Binges are often characterised as a release of control after a period of restriction. For me, they were just another way of exerting control over my body. I would force myself to eat until I was far past the point of comfort and then force myself to exercise with a bloated stomach, restarting that binge-restrict cycle that defined my life at Cambridge for almost two years. Ironically, this cycle spiralled into my eating disorder, an illness that is the epitome of a total loss of control.

Recovery during a pandemic has had its moments: continued stigma surrounding eating disorders meant that I couldn’t tell my family about my eventual diagnosis or my treatment, reducing me to whispered conversations with a psychologist all while attempting to treat a mental illness with intensely physical symptoms over Zoom.


Mountain View

What it means to be 'healthy' with a chronic illness

Despite the significant challenges, the pandemic has had a unique way of focusing the mind entirely on the body, and on what we value about our bodies. While freedom from the restrictive week-long essay cycles of Cambridge certainly helped in tackling my binge-restrict cycles, it was the very fact of existing and recovering during a pandemic that has altered my relationship with my body in more fundamental ways. It seems ludicrous to care about the so-called ‘maintenance’ of my appearance when the world is falling apart. There is value in ‘self-care’ (I still wear lipstick under a mask sometimes), but when your healthy body is your only defence against a potentially deadly virus, self-care starts to take on a different meaning. Taking care of myself is now about keeping my body well-nourished and strong and acknowledging that my health and my body are intrinsically connected to the health of all the bodies around me. It is not about exercising to shape my body to fit the latest trend women’s bodies have been subjected to.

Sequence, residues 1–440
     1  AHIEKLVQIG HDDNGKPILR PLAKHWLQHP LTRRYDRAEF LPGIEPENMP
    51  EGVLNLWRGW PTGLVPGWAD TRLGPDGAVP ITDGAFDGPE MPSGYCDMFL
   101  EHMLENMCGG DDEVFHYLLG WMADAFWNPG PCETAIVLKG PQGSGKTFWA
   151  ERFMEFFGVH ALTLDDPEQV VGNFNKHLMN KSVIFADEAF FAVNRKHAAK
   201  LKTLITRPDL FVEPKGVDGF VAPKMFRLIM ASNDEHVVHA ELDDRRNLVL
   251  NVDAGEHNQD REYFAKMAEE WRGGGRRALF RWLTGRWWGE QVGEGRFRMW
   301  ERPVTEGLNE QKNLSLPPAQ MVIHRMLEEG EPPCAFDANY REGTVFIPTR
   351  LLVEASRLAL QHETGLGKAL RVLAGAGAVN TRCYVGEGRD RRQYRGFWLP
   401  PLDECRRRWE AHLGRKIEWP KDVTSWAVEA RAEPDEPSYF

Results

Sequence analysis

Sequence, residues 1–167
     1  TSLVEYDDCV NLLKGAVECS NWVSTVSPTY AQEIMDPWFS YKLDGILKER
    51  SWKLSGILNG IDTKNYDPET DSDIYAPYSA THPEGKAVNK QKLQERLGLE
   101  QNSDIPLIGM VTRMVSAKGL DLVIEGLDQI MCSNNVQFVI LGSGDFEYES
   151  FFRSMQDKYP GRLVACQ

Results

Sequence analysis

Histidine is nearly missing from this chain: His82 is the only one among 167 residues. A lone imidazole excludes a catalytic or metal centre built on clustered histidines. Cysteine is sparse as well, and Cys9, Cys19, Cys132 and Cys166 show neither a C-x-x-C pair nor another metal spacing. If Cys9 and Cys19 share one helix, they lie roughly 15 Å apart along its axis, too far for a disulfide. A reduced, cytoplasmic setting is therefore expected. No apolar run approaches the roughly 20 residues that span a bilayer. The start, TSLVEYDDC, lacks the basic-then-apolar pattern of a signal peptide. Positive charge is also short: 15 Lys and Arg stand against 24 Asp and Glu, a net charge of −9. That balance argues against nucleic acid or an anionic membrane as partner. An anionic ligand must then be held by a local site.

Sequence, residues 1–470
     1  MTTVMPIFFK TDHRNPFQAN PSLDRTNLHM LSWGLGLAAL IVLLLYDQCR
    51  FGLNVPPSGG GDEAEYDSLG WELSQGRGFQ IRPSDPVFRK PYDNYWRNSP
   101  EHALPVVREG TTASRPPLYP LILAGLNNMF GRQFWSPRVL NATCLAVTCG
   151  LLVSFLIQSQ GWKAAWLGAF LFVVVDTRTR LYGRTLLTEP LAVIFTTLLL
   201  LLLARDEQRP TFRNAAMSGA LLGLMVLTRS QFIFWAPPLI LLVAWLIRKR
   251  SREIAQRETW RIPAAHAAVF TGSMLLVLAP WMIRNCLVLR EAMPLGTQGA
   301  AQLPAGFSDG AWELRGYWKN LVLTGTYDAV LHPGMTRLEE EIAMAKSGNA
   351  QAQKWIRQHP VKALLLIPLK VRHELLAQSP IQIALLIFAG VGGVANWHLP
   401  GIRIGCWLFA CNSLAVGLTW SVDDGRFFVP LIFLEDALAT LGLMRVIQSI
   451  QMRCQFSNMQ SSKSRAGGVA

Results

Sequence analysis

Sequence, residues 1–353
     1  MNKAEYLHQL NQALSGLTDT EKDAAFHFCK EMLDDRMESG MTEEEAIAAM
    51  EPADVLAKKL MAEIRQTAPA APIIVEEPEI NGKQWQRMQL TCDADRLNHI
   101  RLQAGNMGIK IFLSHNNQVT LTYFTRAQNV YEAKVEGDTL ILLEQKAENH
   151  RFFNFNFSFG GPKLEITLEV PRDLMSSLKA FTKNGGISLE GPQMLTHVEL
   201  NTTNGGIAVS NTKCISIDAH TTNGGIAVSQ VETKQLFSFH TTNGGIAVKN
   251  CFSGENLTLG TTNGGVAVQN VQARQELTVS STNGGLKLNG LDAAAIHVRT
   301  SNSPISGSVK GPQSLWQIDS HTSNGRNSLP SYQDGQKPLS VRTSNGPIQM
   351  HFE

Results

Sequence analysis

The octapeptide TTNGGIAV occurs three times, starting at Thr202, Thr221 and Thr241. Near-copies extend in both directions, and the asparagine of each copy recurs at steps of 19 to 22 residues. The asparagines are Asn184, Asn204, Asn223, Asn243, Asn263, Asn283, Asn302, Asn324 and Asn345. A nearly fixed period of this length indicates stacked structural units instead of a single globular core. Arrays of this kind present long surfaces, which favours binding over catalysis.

When I finally return to Cambridge in October, I probably won’t be re-emerging as a new and improved version of myself. I haven’t obeyed the incessant headlines and ‘glowed up’. Perhaps the strangest thing about the past eighteen months is that, even though I’ve spent my entire year off focusing on recovery, there has been no drastic change. Ultimately, my recovery has crept up on me, unnoticed, just as my eating disorder did. One day I just woke up and realised that for the first time in ten years, my body no longer occupies all of my thoughts. And I can only hope that this transformative realisation lasts.

If you are affected by any of the issues raised in this article, the following organisations may provide support and resources: